Celebrating The Handler
No one does baskets like Fenton! The skilled basket handler has a scant 25 seconds within which he must accomplish his tasks: attach a glowing ribbon of molten glass to one side of the basket; deftly twist the rapidly cooling glass and stick it to the other side; impress the base of each side of the handle with his handler's mark; and, finally, fashion the handle into a graceful arch.
In the 1950s, company President Frank M. Fenton and his brother Bill Fenton, who was Vice-President, decided that each Fenton basket handler ought to have a distinctive mark so that collectors could identify the artisan who had created their basket.
These marks, impressed at the base of each side of the handle, also help ensure a good bond between the handle and the basket. Each handler's mark is essentially circular in shape, but the designs within that circle are quite varied. Butch Wright's mark looks like a target with a bull's-eye.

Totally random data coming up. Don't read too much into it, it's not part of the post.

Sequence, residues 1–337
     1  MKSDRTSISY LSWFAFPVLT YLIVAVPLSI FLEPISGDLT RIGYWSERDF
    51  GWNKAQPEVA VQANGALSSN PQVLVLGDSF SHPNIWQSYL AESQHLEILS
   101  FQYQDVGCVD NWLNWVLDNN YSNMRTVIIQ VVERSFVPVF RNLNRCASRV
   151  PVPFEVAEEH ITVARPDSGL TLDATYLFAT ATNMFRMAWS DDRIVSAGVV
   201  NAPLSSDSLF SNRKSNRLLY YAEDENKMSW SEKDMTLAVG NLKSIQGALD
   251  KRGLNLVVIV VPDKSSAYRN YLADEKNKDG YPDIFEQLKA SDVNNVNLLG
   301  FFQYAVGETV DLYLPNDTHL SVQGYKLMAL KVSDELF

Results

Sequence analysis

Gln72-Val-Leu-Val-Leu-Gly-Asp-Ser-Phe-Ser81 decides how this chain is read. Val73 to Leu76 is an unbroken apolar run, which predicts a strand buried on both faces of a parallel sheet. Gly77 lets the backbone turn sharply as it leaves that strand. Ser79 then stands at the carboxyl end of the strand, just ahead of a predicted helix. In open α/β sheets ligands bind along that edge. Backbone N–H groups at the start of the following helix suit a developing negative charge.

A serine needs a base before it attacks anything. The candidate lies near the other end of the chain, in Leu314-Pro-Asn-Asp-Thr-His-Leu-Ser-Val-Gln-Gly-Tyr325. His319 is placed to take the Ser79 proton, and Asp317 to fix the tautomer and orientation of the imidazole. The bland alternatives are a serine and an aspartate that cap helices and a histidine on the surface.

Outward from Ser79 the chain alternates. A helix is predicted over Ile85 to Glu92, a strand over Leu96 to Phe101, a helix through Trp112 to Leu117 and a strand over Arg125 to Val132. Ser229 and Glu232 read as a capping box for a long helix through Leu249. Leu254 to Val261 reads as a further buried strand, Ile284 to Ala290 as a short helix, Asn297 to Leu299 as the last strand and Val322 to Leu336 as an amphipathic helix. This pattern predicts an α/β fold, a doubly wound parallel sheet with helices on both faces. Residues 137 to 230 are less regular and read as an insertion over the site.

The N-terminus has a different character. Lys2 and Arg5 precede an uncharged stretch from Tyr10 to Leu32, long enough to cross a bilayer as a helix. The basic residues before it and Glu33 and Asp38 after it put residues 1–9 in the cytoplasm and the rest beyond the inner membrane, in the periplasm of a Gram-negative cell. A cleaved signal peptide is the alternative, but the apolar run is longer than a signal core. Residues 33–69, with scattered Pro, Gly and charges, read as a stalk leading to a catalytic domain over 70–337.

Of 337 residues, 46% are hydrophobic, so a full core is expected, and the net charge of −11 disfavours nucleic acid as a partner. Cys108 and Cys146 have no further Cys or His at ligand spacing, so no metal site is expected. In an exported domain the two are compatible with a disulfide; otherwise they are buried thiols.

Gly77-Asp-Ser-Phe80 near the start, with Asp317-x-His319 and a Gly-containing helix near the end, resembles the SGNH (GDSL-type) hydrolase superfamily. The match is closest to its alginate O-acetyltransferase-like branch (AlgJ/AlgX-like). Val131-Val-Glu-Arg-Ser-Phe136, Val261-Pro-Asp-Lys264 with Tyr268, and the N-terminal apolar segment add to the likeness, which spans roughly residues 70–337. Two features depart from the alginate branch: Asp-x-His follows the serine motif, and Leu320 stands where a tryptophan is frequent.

Working closely with each basket handler during production at Fenton is a glassworker called a "handle gatherer." This worker uses a four- or five-foot long steel rod called a punty to gather just the right amount of glass for a handle. Naturally, he needs to know whether the basket is a large one...or one of our mini-baskets...or just in between!
"I do a lot of looking over my shoulder as I reheat the glass," one handle gatherer remarked. "That way I have the handle ready just as soon as my basket handler is ready for it."
The handling operation takes less than half a minute, but it never fails to amaze the many visitors to Fenton who enjoy the "up close and personal" tours which take them in small groups to the Hot Metal area of our plant. There's nothing quite like seeing the team (called a shop) of more than two dozen glassworkers working together to make a fancy Cranberry basket!
To see the marks of the handler, click here.
To read about Fenton's first basket handler, Frank O. Myers, click here.